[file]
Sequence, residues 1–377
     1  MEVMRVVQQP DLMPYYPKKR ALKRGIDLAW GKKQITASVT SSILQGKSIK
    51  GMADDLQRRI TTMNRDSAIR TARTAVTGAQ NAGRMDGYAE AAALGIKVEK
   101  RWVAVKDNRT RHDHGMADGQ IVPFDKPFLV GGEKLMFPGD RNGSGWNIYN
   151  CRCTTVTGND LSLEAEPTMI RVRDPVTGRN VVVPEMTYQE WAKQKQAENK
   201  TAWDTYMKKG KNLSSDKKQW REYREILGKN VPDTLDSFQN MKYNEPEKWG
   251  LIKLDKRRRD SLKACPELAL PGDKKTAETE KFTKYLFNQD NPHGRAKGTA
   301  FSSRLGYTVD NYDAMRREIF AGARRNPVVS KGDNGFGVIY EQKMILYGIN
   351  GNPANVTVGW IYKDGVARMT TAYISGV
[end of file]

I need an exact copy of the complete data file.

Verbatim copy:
Sequence, residues 1–377
     1  MEVMRVVQQP DLMPYYPKKR ALKRGIDLAW GKKQITASVT SSILQGKSIK
    51  GMADDLQRRI TTMNRDSAIR TARTAVTGAQ NAGRMDGYAE AAALGIKVEK
   101  RWVAVKDNRT RHDHGMADGQ IVPFDKPFLV GGEKLMFPGD RNGSGWNIYN
   151  CRCTTVTGND LSLEAEPTMI RVRDPVTGRN VVVPEMTYQE WAKQKQAENK
   201  TAWDTYMKKG KNLSSDKKQW REYREILGKN VPDTLDSFQN MKYNEPEKWG
   251  LIKLDKRRRD SLKACPELAL PGDKKTAETE KFTKYLFNQD NPHGRAKGTA
   301  FSSRLGYTVD NYDAMRREIF AGARRNPVVS KGDNGFGVIY EQKMILYGIN
   351  GNPANVTVGW IYKDGVARMT TAYISGV